Since the days of The Blair Witch Project, found footage has become the norm. New films with all kinds of angles pop up year-round, all trying to be that next thing that will take fans back to the glory days of Blair Witch and Paranormal Activity. These films have an even harder time of not only terrifying horror fans, but even being a blip on the map of horror. As one of thousands of desensitized horror junkies, it’s a challenge finding anything close to making me jump or cringe, and very rarely does it come from found-footage films.
Then, 2020 brought about a new kind of a horror, a real-life one we know as COVID. Big film productions shut down just as we did at home, and the task suddenly fell to indies to fill in the gaps where studies couldn’t. It became what I like to call “The Year of the Indie Filmmaker.” We got to see that indie, low-budget films could stand up to and even grossly overtake many studio movies, not just in terms of money but in scares.
One of these films melded our reality of quarantine with the horror genre so beautifully that it continues to terrify fans today. Host is the tale of a friends who stay in touch via Zoom calls, as many did during shutdowns, but on this particular call, a virtual séance goes wrong in all the right ways. And as soon as it starts to spiral into the depths of fear, it doesn’t let up. Clocking in at just 57 minutes, Host makes the most of every single second of screentime. Friends are forced to watch each other fall prey to something evil lurking in their call, connecting them all in ways they never wanted.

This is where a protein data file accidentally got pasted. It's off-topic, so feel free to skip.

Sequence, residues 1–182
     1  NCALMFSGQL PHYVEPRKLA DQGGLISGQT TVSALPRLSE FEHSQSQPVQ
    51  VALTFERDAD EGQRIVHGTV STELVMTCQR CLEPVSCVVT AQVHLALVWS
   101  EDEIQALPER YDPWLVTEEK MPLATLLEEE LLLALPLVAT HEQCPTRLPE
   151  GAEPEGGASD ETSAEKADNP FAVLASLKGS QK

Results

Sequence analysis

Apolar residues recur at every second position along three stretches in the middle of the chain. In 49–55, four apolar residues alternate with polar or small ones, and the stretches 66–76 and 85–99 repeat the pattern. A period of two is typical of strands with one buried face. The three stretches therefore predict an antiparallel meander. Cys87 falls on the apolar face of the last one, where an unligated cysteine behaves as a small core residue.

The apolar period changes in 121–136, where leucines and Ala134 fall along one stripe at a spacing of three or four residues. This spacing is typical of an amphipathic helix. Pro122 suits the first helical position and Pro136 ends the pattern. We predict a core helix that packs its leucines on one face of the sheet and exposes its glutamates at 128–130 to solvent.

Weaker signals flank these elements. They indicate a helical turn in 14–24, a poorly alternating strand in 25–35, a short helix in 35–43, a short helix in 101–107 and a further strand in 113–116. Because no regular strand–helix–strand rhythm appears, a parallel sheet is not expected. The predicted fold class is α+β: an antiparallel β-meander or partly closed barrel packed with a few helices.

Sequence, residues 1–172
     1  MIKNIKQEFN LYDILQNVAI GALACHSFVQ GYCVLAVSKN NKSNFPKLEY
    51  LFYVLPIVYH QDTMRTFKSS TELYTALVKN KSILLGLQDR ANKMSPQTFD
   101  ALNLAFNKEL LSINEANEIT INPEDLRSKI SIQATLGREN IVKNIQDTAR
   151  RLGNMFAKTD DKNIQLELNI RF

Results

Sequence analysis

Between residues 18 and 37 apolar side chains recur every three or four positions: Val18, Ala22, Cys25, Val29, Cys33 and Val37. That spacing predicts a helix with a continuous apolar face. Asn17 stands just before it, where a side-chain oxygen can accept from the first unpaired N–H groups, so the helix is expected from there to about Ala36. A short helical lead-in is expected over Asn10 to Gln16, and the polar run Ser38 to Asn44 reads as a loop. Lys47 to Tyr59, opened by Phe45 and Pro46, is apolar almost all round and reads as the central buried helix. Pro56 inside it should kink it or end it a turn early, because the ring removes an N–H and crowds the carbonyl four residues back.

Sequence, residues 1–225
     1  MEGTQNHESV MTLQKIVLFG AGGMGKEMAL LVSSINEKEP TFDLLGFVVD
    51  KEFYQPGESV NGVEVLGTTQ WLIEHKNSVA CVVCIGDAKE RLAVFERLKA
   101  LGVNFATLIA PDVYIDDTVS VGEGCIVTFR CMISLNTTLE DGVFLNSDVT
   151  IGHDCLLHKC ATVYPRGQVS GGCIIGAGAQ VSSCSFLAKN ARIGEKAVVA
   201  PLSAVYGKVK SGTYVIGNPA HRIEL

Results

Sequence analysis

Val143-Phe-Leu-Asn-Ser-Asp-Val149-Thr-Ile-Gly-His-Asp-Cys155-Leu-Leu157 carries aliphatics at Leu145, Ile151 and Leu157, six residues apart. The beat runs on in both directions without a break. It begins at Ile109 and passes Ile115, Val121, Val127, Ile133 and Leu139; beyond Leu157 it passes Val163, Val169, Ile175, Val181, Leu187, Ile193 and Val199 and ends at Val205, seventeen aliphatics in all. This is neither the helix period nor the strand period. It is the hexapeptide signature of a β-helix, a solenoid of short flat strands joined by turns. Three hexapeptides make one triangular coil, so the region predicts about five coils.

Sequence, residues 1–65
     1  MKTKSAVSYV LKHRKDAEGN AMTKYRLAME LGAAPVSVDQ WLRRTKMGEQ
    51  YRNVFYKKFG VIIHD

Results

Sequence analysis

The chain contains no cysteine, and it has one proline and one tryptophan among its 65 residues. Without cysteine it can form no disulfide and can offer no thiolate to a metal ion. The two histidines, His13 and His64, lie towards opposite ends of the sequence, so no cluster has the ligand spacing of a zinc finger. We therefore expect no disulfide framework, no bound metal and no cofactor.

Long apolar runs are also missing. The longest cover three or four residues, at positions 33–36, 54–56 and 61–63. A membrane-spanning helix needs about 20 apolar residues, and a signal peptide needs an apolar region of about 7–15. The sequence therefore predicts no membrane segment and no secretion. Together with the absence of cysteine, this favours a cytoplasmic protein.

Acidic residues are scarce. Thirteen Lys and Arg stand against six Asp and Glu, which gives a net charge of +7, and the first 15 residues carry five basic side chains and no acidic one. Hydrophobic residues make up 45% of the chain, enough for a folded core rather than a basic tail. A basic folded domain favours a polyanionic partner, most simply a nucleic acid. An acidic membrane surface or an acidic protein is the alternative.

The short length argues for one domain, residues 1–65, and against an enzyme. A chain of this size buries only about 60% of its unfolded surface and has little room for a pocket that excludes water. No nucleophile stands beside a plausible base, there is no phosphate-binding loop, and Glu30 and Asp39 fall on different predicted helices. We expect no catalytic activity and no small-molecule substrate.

I had heard about this treat of a movie, and I took on the challenge to watch it. Never being one to shy away from horror, I flicked on my Roku at 4 a.m., flipped it over to Shudder, and began my own Zoom call with these friends. What started as a benign night with a medium joining them for an online séance quickly devolved, and little by little, terror grasped my nerves and yanked me down into despair. More than once, I covered my eyes with my fingers, peeking through while grimacing but not wanting to watch. I’d then rewind it a few seconds, feeling like I was safe having “heard” the scare, not realizing that it didn’t matter. My heart never quite slowed its beat, the cold shivers covering my body never stopped, and I loved every single moment of it. Fear had conquered me, and it came from a found footage film.
But don’t take my word for it. To this day, Host boasts a 100% Rotten Tomatoes score and droves of awards, including Fangoria’s coveted Chainsaw Award for Best Streaming Premiere Film. It even beat out Sinister’s previous record of being the scientifically scariest film ever based on audience heart rates. Not too shabby for some indie filmmakers and 57 minutes.
Host is streaming exclusively on Shudder.